BUT, what about the million public school students who have waited for decades to see their schools fully-funded (our state does not fund to even the national average)?

Also, a group of parents have started Soup for Teachers to support the teachers during the strike. Find them at Facebook.

I write the Seattle Schools Community Forum blog and it's a good place to keep up on the latest news -
Rodney Tom. Tim Sheldon.
Wonderful post. Thorough, researched and compelling. Thank you Jen.
Spend your day phoning & emailing & writing every State Rep and every Star Senator.

We said FUND EDUCATION and Smaller Class Sizes and we MEANT IT!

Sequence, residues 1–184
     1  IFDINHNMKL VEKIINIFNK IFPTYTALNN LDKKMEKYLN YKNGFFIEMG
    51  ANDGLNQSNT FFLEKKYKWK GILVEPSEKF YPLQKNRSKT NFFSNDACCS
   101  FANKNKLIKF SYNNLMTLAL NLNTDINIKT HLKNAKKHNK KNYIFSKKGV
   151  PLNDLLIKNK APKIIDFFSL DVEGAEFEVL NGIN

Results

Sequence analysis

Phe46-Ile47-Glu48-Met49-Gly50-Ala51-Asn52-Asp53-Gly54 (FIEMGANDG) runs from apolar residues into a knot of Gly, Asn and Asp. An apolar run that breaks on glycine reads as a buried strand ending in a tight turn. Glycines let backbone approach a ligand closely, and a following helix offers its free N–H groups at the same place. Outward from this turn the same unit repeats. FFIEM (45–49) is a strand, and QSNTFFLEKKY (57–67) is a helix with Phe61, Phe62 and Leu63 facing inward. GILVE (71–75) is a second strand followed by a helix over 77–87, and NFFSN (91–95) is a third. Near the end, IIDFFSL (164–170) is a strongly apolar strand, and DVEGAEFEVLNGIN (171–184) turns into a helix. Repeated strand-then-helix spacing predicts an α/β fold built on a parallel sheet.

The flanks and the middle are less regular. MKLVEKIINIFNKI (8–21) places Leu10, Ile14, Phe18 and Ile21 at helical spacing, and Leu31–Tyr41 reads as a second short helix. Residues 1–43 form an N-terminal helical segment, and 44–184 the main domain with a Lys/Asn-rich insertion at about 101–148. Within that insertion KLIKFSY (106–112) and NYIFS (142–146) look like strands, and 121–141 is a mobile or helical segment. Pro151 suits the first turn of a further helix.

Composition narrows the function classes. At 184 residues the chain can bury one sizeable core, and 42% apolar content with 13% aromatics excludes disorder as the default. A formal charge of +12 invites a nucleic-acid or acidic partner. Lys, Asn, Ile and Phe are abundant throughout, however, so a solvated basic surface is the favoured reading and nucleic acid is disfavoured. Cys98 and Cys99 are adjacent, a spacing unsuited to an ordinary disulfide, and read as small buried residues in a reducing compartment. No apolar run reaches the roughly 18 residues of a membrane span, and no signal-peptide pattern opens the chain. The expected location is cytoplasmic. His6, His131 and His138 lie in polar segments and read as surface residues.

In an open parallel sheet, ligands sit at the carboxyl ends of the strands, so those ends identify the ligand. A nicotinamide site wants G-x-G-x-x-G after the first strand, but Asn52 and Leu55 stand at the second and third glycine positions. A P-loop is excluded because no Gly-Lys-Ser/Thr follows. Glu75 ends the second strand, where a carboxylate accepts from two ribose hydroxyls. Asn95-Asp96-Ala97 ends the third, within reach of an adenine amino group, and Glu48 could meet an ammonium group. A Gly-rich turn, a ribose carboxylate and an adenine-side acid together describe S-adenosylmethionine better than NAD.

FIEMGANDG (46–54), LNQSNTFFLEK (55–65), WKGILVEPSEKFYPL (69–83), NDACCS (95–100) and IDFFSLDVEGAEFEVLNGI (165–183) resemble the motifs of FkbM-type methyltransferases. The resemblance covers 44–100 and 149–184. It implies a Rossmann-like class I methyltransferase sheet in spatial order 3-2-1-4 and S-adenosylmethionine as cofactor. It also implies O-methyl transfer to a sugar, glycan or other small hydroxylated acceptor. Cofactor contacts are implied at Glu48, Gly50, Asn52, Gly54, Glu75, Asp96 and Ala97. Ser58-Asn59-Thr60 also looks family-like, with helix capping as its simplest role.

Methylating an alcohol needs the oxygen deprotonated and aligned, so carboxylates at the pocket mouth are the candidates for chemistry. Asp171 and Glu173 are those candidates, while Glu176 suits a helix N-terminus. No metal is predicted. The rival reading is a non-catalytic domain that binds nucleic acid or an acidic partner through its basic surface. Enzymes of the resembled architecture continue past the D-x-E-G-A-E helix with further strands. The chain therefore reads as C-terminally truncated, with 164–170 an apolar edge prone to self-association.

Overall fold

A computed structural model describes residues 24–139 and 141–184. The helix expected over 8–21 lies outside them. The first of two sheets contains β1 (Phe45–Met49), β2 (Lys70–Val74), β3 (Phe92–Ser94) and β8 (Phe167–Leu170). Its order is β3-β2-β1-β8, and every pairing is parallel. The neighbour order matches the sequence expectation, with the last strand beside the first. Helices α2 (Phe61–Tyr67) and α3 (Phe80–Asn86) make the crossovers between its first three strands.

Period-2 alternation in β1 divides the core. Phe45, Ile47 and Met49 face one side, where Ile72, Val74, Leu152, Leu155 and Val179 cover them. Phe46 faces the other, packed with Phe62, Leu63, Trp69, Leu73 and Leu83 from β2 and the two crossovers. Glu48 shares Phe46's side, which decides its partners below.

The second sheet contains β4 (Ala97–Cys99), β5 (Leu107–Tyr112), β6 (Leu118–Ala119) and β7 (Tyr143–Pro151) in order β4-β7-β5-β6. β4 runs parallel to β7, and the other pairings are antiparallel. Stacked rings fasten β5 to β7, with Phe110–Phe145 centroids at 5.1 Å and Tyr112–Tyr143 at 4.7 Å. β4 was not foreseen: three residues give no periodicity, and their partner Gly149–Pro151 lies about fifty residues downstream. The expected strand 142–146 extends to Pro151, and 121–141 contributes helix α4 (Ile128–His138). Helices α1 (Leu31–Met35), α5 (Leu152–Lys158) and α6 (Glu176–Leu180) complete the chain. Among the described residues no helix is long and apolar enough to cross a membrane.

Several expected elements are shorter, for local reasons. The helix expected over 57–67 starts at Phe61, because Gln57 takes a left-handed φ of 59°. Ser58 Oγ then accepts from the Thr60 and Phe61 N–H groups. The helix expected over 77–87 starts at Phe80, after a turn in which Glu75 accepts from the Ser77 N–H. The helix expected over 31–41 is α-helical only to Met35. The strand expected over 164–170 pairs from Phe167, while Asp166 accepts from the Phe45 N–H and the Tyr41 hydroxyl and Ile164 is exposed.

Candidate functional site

Speaking as a Seattle Public School teacher, the decision to strike weighs heavy on me. I was there at Benaroya Hall when the SEA members voted unanimously to strike should a Tentative Agreement not be reached by the start of school. One of my colleagues is on the bargaining team, and I've watched all summer as she's been beaten down and discouraged by the utter contempt of the District, and then buoyed up by the overwhelming support of our SEA community.

The support of parents is invaluable. Thank you. And send your daughter to school--we need all the sign-holders we can get!!! (And what a powerful lesson in civics!)
Soups for Teachers appreciates you and your honest insight.
Thank you, from a Seattle public school teacher. The support of our families means the most.
yeah nice one Jen. Appreciate the reportage. Fills in the gaps missing in most of the bigger media outlets... and Nyland.